Friday, June 27, 2008

When Love Prevails

We went to the grocery store late last night. It was a vendor with excellent cuts of meat, but outrageous prices on the other in-aisle items we might have otherwise purchased at another local store. Our basket, while sufficiently endowed, certainly was not an order of huge size. The woman in front of us, likewise, had a small-ish order, and we both waited our turn as the cashier ran the revolving black swath of fabric that delivered the products directly to her hands, and thus, the scanner.

I may have discussed this before: Gil's fascination with putting the Order Demarcation Bar down between grocery orders on a conveyor belt unnecessarily, to my aggravated frustration. Shortly after arriving in California, I discovered the source of his 15-year Californian habitual action: the Grocery Bar Gustapo were everywhere.

This only added to my already maddening take on the action.

"Why," I wondered, "was it necessary to put down a Demarcation Bar when I am the only. other. order. in que, and I've approached the register as the cashier is handing the customer in front of me her change, thus, my products are the ONLY ones on the conveyor belt??"

And "Why," I furthered queried, "did the cashier have to look at me and ask if 'these were my groceries?'"

So, last night, as my weary body (I'd spent an eight hour day driving in bumper to bumper traffic and waiting, waiting, waiting as various locales) loaded the last item from my basket onto the belt, my exhausted brain could find very little mercy for the [seemingly, to me] air-headed question the young cashier posed to the woman whose grocery order she was completing. "This box is half-and-half, ma'am . . .is it yours?" Looking at the patron with questioning eyes.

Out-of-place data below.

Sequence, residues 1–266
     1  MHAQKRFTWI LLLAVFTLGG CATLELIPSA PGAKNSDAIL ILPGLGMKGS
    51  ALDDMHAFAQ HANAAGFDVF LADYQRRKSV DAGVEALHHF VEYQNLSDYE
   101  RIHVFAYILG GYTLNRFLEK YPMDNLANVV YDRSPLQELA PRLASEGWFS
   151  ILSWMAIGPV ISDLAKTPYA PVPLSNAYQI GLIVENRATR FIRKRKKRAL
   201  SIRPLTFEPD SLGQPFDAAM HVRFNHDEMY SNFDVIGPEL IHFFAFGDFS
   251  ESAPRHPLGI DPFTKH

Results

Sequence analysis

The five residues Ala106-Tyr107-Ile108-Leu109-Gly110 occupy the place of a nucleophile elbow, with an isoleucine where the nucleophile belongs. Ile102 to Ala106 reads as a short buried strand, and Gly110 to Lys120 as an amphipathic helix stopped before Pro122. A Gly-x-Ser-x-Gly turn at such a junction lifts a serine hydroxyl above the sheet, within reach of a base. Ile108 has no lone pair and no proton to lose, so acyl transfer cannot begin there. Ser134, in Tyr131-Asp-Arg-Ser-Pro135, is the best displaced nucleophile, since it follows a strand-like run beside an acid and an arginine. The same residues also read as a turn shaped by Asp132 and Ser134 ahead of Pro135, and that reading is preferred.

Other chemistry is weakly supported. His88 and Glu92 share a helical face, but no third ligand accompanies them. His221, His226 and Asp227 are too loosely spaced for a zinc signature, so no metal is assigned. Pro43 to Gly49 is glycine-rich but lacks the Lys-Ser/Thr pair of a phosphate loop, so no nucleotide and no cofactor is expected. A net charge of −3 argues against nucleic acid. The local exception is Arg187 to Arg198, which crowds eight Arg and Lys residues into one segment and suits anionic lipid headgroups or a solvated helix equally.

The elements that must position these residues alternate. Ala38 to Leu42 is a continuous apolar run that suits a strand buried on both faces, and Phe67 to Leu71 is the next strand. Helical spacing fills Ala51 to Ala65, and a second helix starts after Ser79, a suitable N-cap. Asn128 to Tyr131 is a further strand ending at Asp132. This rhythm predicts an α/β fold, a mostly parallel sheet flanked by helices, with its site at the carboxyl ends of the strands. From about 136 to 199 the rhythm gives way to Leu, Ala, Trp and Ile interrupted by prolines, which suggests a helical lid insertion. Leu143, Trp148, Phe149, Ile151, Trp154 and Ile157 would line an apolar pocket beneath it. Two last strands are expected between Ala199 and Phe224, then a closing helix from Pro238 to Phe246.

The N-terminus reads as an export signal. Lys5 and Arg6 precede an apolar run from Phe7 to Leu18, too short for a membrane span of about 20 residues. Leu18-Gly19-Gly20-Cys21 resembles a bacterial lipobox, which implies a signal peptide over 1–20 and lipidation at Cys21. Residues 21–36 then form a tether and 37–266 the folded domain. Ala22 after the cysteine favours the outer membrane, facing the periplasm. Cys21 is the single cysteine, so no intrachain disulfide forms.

You see, the 'half and half' she spoke of referred to the box of cake mix I had placed on the belt that had errantly fallen over while moving. It toppled over the top of the Demarcation Bar, obviously exiting the corral I had placed in front of it - not falling backwards into my order, as the cashier had assumed. Or not assumed. Or used no logic for. Whatever.

Inexplicably, my emotions roared to life. Turning to my completely unaware husband, I whispered fiercely through my teeth: "Why do these people put so much emphasis on the stupid Grocery Bar? Why don't they use their brain? Logic? Intuition? So many times it is SO OBVIOUS whose groceries are whose!!!"

Gil was startled by my sudden flex of irritation. He responded gently and with a loud voice, "They probably get in alot of trouble for intermingling orders."

Immediately, my heart was pierced. My words were construed as critical toward the young girl at the register.


I'd failed to give mercy in a state of exhaustion.

The teller cheerfully checked us out (including my errant box of cake mix) and we exited the building.

I took my seat behind the wheel. Now in private, I openly repented of my less-than-gracious attitude.

I still don't like the Order Demarcation Bar. The Grocery Bar.

I still feel it is lame-brained not to intuitively or logically figure out where one order ends and the other order starts.

But I suppose, in my repentant state, I'll surrender my opinion to a higher law: the law of love.

Be kindly affectioned one to another with brotherly love; in honour preferring one another . . . Romans 12:10

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